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How Dame Fortune affected a person

May 08, 1997 09:42 AM
by M K Ramadoss

Here is an interesting anecdote of Krishnaji. Some may find it interesting.


    I had a friend. I knew him in the days before Dame
    Fortune looked in his direction. For that reason, probably,
    he was very very nice, kindhearted, and generous in spite
    of his slender means. Extraordinary how poor people are
    always generous. He used to talk to me in a kind and
    pleasant manner about himself and of the things he would
    do to help the world if ever he had plenty of money. He
    dressed very quietly and soberly. His voice had a strange
    touch of humility. It was a delight to listen to him. He was
    shy, almost timid, and there was no aggressiveness in his
    eyes. He never looked into the eyes of another unless he
    had something very serious to say, and that happened only
    when he was asked definitely for his opinion. He was
    always in the background listening with a kindly smile.
    There was a kindness in his face, and it was always a
    delight to have him in the same room. He was the quiet
    one, even though the room was thronged with a talkative
    crowd. He never sat in a comfortable chair. I only saw
    him once in a cushioned arm chair, but he looked
    uncomfortable and almost miserable. He sat on the edge of
    the chair pretending to be at ease. He never wanted to
    "boss" anybody either by his opinion or by his pleasant
    personality. When anyone liked him, he looked surprised
    and wondered why he was liked. When he walked in a
    crowded street he invariably gave way to the hustling and
    pushing people. His clothes were good, and if I remember
    right, he had a good warm overcoat, heavily lined, but
    inexpensive. He was shy in greeting people, but he was an
    excellent speaker. His gratitude was touching when
    someone gave him a lift in their car. We were intimate
    friends, he used to help me, and I followed his example.

    Then one day Dame Fortune smiled on him. A distant
    relation left him money. He came to me directly, and
    blushingly said he did not know what to do with so much
    money. We had a discussion as to what he should do with
    it, and we decided that he should keep the money for
    awhile. I did not see him for about a week, the longest
    period that I had not seen him since I have known him;
    then one day he came to see me. He was extra shy that
    morning, and I wondered what was the matter. Then my
    eye caught his highly polished shoes. He had a new smart
    suit on. In fact, everything new from top to toe of the best.
    He was rather apologetic in his tone as he said: You know,
    I had to get a new suit, and so I thought I might as well get
    a new pair of shoes." We laughed and Joked about it, and
    then he went off saying that he had a luncheon
    engagement. I saw him at frequent intervals, and each time I saw him he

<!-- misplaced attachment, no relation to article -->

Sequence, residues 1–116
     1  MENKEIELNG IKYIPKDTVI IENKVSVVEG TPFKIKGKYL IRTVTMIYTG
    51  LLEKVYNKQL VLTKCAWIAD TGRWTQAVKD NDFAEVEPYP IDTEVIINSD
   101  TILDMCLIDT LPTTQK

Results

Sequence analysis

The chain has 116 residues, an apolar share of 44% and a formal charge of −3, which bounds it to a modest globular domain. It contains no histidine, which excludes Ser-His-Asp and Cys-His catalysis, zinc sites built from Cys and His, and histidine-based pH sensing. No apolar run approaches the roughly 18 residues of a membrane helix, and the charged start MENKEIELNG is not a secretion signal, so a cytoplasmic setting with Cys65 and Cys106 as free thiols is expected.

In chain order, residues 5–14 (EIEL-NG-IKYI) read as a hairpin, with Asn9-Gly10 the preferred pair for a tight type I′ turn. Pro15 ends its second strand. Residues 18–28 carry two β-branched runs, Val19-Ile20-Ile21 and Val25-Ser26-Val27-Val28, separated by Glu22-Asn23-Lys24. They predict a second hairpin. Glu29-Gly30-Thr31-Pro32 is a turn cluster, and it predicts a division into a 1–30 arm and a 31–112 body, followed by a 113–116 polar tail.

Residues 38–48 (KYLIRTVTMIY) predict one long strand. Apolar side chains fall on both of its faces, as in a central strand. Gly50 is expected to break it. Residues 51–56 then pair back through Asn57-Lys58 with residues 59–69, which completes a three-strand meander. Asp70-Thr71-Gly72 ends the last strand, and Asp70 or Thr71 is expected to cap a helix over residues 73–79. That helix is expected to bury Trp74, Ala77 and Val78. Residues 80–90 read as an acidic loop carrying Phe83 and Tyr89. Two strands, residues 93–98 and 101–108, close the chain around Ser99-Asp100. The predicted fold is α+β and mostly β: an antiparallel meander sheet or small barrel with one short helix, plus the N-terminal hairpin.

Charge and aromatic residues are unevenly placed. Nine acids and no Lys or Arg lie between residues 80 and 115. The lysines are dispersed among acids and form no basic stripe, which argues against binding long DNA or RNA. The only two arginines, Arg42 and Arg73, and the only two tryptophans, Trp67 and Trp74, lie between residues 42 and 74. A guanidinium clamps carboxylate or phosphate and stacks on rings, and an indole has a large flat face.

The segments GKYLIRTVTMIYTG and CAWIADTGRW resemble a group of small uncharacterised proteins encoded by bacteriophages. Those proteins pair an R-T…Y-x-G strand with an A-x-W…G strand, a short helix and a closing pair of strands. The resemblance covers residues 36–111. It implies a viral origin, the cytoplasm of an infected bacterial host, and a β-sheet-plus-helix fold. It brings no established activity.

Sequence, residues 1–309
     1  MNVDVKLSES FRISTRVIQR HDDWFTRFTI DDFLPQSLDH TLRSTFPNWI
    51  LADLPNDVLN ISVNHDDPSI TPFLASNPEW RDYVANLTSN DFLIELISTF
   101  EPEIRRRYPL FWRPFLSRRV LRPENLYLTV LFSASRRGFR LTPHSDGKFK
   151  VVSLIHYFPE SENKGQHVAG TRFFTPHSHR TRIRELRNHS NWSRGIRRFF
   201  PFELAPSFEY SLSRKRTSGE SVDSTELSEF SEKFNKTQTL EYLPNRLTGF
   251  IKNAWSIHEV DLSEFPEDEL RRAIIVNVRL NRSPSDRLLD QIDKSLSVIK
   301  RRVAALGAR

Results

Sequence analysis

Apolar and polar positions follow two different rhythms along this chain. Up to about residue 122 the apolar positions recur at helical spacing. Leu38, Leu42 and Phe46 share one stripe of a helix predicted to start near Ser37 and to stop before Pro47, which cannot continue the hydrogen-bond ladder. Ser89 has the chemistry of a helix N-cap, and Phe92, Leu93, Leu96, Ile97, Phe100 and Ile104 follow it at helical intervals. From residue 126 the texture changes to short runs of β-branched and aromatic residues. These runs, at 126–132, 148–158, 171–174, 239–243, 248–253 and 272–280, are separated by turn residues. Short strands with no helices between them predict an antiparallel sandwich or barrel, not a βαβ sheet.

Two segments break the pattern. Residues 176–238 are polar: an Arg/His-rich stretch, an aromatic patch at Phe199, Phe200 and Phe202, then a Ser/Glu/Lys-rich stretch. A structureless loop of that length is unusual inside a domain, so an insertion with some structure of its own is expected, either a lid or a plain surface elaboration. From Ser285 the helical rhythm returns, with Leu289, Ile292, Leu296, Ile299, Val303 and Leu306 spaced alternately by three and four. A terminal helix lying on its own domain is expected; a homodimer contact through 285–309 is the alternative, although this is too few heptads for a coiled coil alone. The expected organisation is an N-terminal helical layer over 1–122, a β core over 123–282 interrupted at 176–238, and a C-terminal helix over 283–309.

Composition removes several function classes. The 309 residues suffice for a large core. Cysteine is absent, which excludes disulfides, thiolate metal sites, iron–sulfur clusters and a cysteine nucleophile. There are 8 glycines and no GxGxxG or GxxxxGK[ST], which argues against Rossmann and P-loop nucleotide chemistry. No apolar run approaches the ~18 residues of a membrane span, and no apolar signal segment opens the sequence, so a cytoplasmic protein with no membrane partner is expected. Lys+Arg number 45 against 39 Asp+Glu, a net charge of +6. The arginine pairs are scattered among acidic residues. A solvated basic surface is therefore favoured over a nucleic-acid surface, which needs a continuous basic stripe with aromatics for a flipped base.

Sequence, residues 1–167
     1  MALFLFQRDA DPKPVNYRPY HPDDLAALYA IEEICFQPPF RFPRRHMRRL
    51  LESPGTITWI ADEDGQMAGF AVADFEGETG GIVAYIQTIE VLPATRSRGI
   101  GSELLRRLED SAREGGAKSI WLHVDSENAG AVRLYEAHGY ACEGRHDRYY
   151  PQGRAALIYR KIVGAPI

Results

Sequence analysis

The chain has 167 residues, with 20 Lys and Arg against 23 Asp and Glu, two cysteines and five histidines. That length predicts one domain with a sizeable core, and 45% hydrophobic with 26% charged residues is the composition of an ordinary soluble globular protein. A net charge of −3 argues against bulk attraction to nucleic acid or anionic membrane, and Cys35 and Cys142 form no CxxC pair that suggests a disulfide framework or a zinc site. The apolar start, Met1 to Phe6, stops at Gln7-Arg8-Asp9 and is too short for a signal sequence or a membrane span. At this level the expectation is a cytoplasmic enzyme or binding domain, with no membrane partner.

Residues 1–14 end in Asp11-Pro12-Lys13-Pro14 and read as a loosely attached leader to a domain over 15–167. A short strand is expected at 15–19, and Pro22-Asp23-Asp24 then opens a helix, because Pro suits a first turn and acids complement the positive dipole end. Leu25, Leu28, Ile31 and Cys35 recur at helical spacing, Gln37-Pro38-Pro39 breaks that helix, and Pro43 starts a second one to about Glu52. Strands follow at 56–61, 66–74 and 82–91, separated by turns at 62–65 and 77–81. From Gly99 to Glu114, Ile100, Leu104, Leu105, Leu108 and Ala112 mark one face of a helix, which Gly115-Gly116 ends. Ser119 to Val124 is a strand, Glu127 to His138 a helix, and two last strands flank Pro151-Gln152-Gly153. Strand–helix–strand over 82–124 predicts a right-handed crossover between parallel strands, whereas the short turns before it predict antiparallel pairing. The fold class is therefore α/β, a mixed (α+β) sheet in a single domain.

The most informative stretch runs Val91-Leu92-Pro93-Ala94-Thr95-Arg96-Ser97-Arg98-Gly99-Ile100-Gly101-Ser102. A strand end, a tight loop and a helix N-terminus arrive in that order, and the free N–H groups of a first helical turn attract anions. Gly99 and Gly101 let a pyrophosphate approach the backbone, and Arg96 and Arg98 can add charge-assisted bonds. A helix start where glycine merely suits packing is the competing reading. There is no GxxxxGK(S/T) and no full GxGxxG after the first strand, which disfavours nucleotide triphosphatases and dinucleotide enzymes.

was different, not only in his manner but in his general
    appearance. This puzzled me at first, but I gradually
    wakened to the fact that he had had money, plenty of it,
    left to him. Then I did not see him again for a couple of
    months, as I had to go abroad. On my return, I went to a
    party given by a mutual friend. It was the usual kind of
    party, plenty of noise, and everyone was on his best
    behaviour,trying to impress on his neighbour that he was
    somebody. We all play that game every day of our lives,
    and it seemed quite natural. My friend, who used to be so
    shy and so retiring, was holding forth, to a young lady, on
    the miserable condition of the weather. There was no
    longer any sign of timidity in his voice, but a certain
    aggressiveness had crept into it. He was sitting, with his
    head leaning back, on a soft arm-chair. A slight annoyance,
    almost imperceptible, appeared in his face as he caught
    sight of me, but it vanished as quickly as it had appeared.
    His voice was loud, as though he wanted every one to
    know that he was there. His mildness had disappeared, and
    there was that look in his face which said that he was no
    longer poor but rich, very rich. He laughed loudly, and
    looked boldly around. Humility was degrading to him now,
    and his voice sounded as though it wanted to boss. Money
    was changing him as surely as the wind changes the shape
    of a cloud, and it was very unpleasant. He passed me in his
    car; he had a fur coat on and was smoking a cigarette in
    the most elegant manner. I wonder if he still considers me
    his friend? We have not seen each other for a long
    time,but he would not know me now, if I met him, for
    he has changed. Such is life.

    "And again I say unto you, it is easier for a camel to go
    through the eye of a needle, than for a rich man to enter
    into the kingdom of God."

    ========================= end ==========================

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